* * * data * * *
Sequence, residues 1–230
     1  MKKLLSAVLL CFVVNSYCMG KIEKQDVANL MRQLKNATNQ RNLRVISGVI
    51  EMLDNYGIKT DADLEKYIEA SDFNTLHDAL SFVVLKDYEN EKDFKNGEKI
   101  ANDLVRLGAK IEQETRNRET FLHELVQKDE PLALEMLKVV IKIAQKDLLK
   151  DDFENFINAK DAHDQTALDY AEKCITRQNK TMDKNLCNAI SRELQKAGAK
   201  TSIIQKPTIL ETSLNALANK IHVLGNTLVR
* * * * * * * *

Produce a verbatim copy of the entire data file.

Sequence, residues 1–230
     1  MKKLLSAVLL CFVVNSYCMG KIEKQDVANL MRQLKNATNQ RNLRVISGVI
    51  EMLDNYGIKT DADLEKYIEA SDFNTLHDAL SFVVLKDYEN EKDFKNGEKI
   101  ANDLVRLGAK IEQETRNRET FLHELVQKDE PLALEMLKVV IKIAQKDLLK
   151  DDFENFINAK DAHDQTALDY AEKCITRQNK TMDKNLCNAI SRELQKAGAK
   201  TSIIQKPTIL ETSLNALANK IHVLGNTLVR